Published on in Vol 7 , No 10 (2018) :October

Preprints (earlier versions) of this paper are available at, first published .
Connectivity as a Predictor of Responsiveness to Transcranial Direct Current Stimulation in People with Stroke: Protocol for a Double-Blind Randomized Controlled Trial

Connectivity as a Predictor of Responsiveness to Transcranial Direct Current Stimulation in People with Stroke: Protocol for a Double-Blind Randomized Controlled Trial

Connectivity as a Predictor of Responsiveness to Transcranial Direct Current Stimulation in People with Stroke: Protocol for a Double-Blind Randomized Controlled Trial


1The Sansom Institute for Health Research, School of Health Sciences, University of South Australia, Adelaide, Australia

2Neuromotor Plasticity and Development Group, Adelaide Medical School, University of Adelaide, Adelaide, Australia

Corresponding Author:

Brenton Hordacre, PhD

The Sansom Institute for Health Research

School of Health Sciences

University of South Australia

Centenary Building, Level 7

108 North Terrace

Adelaide, 5001


Phone: 61 83021208


Background: Stroke can have devastating consequences for an individual’s quality of life. Interventions capable of enhancing response to therapy would be highly valuable to the field of neurological rehabilitation. One approach is to use noninvasive brain stimulation techniques, such as transcranial direct current stimulation, to induce a neuroplastic response. When delivered in combination with rehabilitation exercises, there is some evidence that transcranial direct current stimulation is beneficial. However, responses to stimulation are highly variable. Therefore biomarkers predictive of response to stimulation would be valuable to help select appropriate people for this potentially beneficial treatment.

Objective: The objective of this study is to investigate connectivity of the stimulation target, the ipsilesional motor cortex, as a biomarker predictive of response to anodal transcranial direct current stimulation in people with stroke.

Methods: This study is a double blind, randomized controlled trial (RCT), with two parallel groups. A total of 68 participants with first ever ischemic stroke with motor impairment will undertake a two week (14 session) treatment for upper limb function (Graded Repetitive Arm Supplementary Program; GRASP). Participants will be randomized 2:1 to active:sham treatment groups. Those in the active treatment group will receive anodal transcranial direct current stimulation to the ipsilesional motor cortex at the start of each GRASP session. Those allocated to the sham treatment group will receive sham transcranial direct current stimulation. Behavioural assessments of upper limb function will be performed at baseline, post treatment, 1 month follow-up and 3 months follow-up. Neurophysiological assessments will include magnetic resonance imaging (MRI), electroencephalography (EEG) and transcranial magnetic stimulation (TMS) and will be performed at baseline, post treatment, 1 month follow-up (EEG and TMS only) and 3 months follow-up (EEG and TMS only).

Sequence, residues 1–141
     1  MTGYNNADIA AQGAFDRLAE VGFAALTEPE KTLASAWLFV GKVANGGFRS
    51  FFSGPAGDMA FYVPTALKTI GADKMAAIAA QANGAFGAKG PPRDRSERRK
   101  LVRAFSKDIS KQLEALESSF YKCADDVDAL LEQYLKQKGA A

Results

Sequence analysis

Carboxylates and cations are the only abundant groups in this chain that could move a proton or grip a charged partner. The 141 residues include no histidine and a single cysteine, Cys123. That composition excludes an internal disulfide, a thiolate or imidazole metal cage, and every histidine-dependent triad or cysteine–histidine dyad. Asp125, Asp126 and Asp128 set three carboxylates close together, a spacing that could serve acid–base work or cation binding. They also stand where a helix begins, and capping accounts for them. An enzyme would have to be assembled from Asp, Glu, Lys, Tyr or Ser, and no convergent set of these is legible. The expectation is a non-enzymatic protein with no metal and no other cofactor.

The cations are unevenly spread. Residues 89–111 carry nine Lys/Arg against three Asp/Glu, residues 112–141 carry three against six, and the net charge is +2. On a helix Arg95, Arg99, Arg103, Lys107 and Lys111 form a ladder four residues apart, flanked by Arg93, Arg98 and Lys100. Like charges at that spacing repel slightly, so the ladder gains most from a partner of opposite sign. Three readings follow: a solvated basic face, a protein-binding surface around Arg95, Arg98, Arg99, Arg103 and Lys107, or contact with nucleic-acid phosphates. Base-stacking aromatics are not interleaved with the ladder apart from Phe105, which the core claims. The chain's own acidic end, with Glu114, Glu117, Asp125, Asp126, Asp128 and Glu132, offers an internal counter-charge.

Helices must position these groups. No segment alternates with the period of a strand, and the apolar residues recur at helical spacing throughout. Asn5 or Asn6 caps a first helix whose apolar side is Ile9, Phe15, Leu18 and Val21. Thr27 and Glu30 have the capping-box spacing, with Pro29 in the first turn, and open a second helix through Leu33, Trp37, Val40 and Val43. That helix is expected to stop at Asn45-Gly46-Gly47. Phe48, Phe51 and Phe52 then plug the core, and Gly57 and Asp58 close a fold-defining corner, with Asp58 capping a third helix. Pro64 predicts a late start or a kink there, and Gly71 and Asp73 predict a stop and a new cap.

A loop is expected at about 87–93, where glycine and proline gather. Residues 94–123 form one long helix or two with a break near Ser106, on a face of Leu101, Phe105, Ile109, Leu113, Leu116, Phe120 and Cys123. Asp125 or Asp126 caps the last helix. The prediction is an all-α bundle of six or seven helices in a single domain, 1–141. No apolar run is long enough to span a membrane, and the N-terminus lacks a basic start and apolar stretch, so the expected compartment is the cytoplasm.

Results: Participants will be recruited between March 2018 and December 2018, with experimental testing concluding in March 2019.

Conclusions: Identifying a biomarker predictive of response to transcranial direct current stimulation would greatly assist clinical utility of this novel treatment approach.

Trial Registration: Australia New Zealand Clinical Trials Registry ACTRN12618000443291; (Archived by WebCite at

Registered Report Identifier: RR1-10.2196/10848

JMIR Res Protoc 2018;7(10):e10848



Globally, stroke is a leading cause of death and disability. According to the World Health Organization, there were 6.7 million stroke-related deaths in 2012, with 33 million stroke survivors living with persistent disability, requiring long-term care and secondary prevention measures [1]. A stroke affecting the sensorimotor network can lead to behavioral impairments, restricting the capacity to perform various activities of daily living. As a result, many stroke survivors require multidisciplinary rehabilitation to help restore function [2]. Despite lengthy periods of rehabilitation, significant impairments often remain, suggesting there is a need to do more to assist survivors of stroke.

Restitution of upper limb function following stroke is important to improve capacity to undertake activities of daily living and enhance quality of life. Underpinning functional restitution is a process known as neuroplasticity where both structure and function of the surviving brain tissue can change to optimize behavior. Research indicates there may be a time-limited window of enhanced neuroplasticity following stroke [3,4]. This period of enhanced neuroplasticity following stroke has many similarities to those that occur during development where the brain is highly plastic and rapid learning occurs [3]. Delivering rehabilitative therapies during this time may provide an opportunity for a more complete recovery. It is generally thought that this period of enhanced neuroplasticity occurs early after stroke [3,4]. In support of this, behavioral evidence indicates that therapy delivered early after stroke may be more effective than that delivered later [3,5,6]. Furthermore, consensus statements suggest that delayed initiation of rehabilitation is associated with poor outcomes and longer hospital stay [7,8]. However, it should be noted that while early therapeutic intervention may be more effective, recovery long after stroke remains possible. In support of this, there is good evidence indicating that constraint induced movement therapy is capable of improving function months or years after the initial stroke [9-11], suggesting the window for recovery may never really close [3].